1. Using the break statement: The break statement is used to terminate the current loop and continue with the next statement after the loop. Here's an example:
1
2
3
4
5
6
for (var i = 0; i < 10; i++) {
  if (i == 5) {
    break; // Breaks out of the loop when i is equal to 5
  }
  print(i);
}


Output:

1
2
3
4
5
0
1
2
3
4


  1. Using a boolean flag: You can use a boolean flag to control the loop and break out when the flag is set to a specific value. Here's an example:
 1
 2
 3
 4
 5
 6
 7
 8
 9
10
var flag = true;
var i = 0;

while (flag) {
  if (i == 5) {
    flag = false; // Set flag to false to break out of the loop
  }
  print(i);
  i++;
}


Output:

1
2
3
4
5
0
1
2
3
4


  1. Using the return statement (in the case of a function): If the loop is inside a function, you can use the return statement to terminate the function and break out of the loop. Here's an example:
 1
 2
 3
 4
 5
 6
 7
 8
 9
10
void iterateAndBreak() {
  for (var i = 0; i < 10; i++) {
    if (i == 5) {
      return; // Terminates the function and breaks out of the loop
    }
    print(i);
  }
}

iterateAndBreak();


Output:

1
2
3
4
5
0
1
2
3
4


These are some of the common ways to break out of a loop in Dart. Choose the approach that best suits your specific use case.


How to work with loops in Dart?

In Dart, there are several types of loops that you can use: for loops, while loops, and do-while loops. Here's how you can work with each type:

  1. For Loops: For loops are used when you know the number of iterations in advance. Example: for (var i = 0; i < 5; i++) { print('Iteration $i'); } In this example, the loop will execute 5 times. The variable i is initialized to 0, and the loop will continue until i is no longer less than 5. In each iteration, the value of i will be incremented by 1.
  2. While Loops: While loops are used when you need to repeat a statement as long as a certain condition is true. Example: var i = 0; while (i < 5) { print('Iteration $i'); i++; } In this example, the loop will execute as long as i is less than 5. In each iteration, the value of i will be incremented by 1.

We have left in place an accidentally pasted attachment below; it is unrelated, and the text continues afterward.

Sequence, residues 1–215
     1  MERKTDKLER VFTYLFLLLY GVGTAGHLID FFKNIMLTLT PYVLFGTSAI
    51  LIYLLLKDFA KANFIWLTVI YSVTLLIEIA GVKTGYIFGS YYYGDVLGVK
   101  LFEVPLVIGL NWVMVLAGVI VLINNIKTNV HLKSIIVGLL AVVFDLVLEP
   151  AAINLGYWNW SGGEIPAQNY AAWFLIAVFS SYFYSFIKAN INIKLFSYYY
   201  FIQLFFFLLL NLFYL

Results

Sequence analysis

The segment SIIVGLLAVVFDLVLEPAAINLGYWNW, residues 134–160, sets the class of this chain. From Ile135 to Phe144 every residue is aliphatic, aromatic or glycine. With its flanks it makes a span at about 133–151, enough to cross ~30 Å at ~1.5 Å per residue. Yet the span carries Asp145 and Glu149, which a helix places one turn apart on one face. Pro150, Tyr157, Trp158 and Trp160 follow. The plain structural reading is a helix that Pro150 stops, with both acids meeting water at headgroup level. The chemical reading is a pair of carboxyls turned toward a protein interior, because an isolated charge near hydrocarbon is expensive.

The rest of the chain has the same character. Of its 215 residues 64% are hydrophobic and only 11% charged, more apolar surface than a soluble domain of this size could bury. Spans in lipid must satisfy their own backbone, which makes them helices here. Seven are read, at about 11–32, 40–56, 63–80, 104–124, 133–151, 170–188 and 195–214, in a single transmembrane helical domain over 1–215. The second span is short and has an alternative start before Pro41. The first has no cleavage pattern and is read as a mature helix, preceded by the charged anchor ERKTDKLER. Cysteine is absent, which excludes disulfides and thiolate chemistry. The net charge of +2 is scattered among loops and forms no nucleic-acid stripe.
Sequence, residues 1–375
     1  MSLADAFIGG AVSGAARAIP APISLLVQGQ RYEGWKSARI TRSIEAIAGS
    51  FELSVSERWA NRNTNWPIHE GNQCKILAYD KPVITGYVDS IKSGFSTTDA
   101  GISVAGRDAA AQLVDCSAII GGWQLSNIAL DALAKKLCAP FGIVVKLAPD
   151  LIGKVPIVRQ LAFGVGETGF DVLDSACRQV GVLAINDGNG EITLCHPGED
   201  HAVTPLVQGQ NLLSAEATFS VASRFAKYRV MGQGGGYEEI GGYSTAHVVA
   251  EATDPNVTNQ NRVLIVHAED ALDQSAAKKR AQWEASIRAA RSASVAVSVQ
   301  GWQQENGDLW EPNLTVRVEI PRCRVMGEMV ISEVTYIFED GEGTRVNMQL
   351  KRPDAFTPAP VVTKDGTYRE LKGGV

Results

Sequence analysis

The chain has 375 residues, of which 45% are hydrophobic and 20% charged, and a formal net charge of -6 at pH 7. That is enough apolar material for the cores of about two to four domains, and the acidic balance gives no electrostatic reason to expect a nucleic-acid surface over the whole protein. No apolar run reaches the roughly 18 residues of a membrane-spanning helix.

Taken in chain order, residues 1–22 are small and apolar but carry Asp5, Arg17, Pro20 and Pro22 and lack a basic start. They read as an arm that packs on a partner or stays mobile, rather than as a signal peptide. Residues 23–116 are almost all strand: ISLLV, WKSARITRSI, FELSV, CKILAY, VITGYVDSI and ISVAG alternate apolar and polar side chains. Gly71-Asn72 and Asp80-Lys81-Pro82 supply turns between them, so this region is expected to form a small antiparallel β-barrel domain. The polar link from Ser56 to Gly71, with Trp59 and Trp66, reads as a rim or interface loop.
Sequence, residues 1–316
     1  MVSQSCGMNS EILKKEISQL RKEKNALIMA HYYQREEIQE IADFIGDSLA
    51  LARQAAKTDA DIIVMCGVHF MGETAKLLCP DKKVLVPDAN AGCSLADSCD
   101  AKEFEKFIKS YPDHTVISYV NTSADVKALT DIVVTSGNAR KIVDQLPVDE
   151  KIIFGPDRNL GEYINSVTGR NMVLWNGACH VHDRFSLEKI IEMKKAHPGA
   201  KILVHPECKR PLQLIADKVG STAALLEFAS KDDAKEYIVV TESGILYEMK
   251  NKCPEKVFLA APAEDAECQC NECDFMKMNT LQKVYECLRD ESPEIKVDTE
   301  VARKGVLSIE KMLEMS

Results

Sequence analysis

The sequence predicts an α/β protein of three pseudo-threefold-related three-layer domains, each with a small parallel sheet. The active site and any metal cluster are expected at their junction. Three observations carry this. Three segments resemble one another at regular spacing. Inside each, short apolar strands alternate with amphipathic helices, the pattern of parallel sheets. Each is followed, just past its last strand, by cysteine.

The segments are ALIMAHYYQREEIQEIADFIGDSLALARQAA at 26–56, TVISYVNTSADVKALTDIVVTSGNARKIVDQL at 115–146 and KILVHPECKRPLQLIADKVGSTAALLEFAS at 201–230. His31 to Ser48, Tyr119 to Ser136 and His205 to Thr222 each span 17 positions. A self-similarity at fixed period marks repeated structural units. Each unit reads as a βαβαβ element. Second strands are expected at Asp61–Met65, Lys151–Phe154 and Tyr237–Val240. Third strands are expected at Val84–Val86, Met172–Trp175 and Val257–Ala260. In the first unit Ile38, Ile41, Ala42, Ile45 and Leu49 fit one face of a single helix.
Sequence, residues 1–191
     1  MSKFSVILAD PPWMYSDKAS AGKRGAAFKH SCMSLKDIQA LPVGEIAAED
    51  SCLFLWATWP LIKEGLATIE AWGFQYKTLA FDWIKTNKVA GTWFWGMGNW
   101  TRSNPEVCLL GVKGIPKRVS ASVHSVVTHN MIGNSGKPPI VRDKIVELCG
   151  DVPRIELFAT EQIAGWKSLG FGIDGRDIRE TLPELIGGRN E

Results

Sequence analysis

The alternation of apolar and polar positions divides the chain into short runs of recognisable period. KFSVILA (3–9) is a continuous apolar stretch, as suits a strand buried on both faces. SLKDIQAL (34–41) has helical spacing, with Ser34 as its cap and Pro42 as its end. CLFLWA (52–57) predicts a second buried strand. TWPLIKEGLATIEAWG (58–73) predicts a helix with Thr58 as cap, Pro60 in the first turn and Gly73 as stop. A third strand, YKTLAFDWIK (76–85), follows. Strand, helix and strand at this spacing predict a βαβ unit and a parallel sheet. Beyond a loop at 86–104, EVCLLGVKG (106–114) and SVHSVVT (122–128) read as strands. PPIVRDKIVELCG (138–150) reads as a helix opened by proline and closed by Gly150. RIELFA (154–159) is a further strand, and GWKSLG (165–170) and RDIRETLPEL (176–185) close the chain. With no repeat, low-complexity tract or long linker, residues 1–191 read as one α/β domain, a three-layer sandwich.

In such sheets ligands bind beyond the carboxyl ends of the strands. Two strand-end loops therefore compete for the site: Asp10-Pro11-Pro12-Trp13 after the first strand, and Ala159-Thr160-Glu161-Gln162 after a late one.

3. Do-While Loops: Do-while loops are similar to while loops, but they execute the loop body first and then check the condition. Example: var i = 0; do { print('Iteration $i'); i++; } while (i < 5); In this example, the loop will execute at least once, and then it will continue if i is less than 5. In each iteration, the value of i will be incremented by 1.


These are the basic loop structures in Dart. You can use them to repeat code blocks multiple times based on specific conditions or for a certain number of iterations.


How to find the length of an array in Dart?

In Dart, you can find the length of an array using the length property. Here's an example:

1
2
3
4
5
6
void main() {
  List<int> numbers = [1, 2, 3, 4, 5];
  int length = numbers.length;
  
  print(length);  // Output: 5
}


In this example, the length property is used to get the number of elements in the numbers array, and it is assigned to the length variable.

Facebook Twitter LinkedIn Whatsapp Pocket

Related Posts:

To send emails via Gmail from Dart, you can use the mailer package. Here are the steps to achieve this:Set up your Dart project by creating a new Dart file and importing the necessary packages. import &#39;package:mailer/mailer.dart&#39;; import &#39;package:m...
Dart DevTools is a powerful tool for debugging Dart applications. It provides a comprehensive set of features to help you understand and analyze the behavior of your code during runtime. Here&#39;s an overview of how to use Dart DevTools for debugging:Installa...
To read user input in Dart, you can use the standard input/output methods provided by the dart:io library. Here&#39;s how you can do it:Import the dart:io library: import &#39;dart:io&#39;; Create an instance of the stdin object from the io library: var input ...